A multidisciplinary sculptor with a background in music, Oliver Beer has a particular interest in the relationship between sound and space, and especially between the voice and architecture. He has used vocal performances to awaken the natural harmonics inside buildings, from the Sydney Opera House to a hammam in Istanbul, and asked pairs of singers to explore the resonant frequencies of each other’s faces. Beer also orchestrates ensembles of vessels – hollow objects possessing an opening – producing tuneful but visually discordant displays. ‘You cannot make a container without making a note,’ Beer explains. ‘If you look at objects from an acoustic perspective, they can start to reveal things about themselves that we wouldn’t have realised had we been observing them purely visually.’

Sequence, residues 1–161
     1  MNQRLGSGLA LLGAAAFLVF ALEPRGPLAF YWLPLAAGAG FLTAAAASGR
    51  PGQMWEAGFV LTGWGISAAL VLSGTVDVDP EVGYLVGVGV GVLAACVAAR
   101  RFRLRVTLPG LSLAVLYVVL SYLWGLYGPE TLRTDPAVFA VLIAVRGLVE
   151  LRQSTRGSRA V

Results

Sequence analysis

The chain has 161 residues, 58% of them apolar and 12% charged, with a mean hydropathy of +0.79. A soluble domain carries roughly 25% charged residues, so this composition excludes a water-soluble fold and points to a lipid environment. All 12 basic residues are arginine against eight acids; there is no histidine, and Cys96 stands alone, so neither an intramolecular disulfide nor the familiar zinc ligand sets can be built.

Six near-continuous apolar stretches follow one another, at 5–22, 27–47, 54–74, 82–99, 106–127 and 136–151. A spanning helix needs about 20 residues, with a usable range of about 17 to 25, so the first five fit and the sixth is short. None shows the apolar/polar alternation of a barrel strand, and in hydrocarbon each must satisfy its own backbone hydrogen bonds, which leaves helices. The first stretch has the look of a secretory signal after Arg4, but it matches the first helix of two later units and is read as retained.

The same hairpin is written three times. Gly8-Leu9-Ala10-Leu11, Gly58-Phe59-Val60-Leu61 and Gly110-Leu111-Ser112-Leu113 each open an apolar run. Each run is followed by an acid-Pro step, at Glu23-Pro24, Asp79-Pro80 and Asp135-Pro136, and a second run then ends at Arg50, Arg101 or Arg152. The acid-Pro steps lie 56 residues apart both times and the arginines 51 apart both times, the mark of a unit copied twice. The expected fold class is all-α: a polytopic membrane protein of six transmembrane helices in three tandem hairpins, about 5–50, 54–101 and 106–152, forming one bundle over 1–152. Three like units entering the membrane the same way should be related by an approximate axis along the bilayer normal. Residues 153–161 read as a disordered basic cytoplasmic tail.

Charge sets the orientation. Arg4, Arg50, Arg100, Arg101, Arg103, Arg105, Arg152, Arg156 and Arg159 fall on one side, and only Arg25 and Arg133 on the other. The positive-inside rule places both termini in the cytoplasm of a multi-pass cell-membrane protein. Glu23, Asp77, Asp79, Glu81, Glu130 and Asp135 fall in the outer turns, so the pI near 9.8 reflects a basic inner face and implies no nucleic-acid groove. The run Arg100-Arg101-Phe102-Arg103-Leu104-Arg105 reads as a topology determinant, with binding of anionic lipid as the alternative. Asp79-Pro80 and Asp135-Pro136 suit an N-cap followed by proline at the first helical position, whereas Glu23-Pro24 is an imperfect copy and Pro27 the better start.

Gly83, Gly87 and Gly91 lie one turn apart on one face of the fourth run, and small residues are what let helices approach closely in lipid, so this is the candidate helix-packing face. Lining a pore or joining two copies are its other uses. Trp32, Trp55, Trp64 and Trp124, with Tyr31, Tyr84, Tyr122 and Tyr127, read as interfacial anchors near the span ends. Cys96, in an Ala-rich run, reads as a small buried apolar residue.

Oliver Beer (born 1985, Kent) lives and works in London and Paris, France. Beer studied at the Academy of Contemporary Music, London; The Ruskin School of Fine Art, University of Oxford; and the Sorbonne, Paris, France.
Like a seashell or a wine glass, every hollow object has a note to sing based on its form and volume; if you whisper different frequencies into it, you can find and stimulate a note that has been ricocheting around inside there since the day it was made.
– Oliver Beer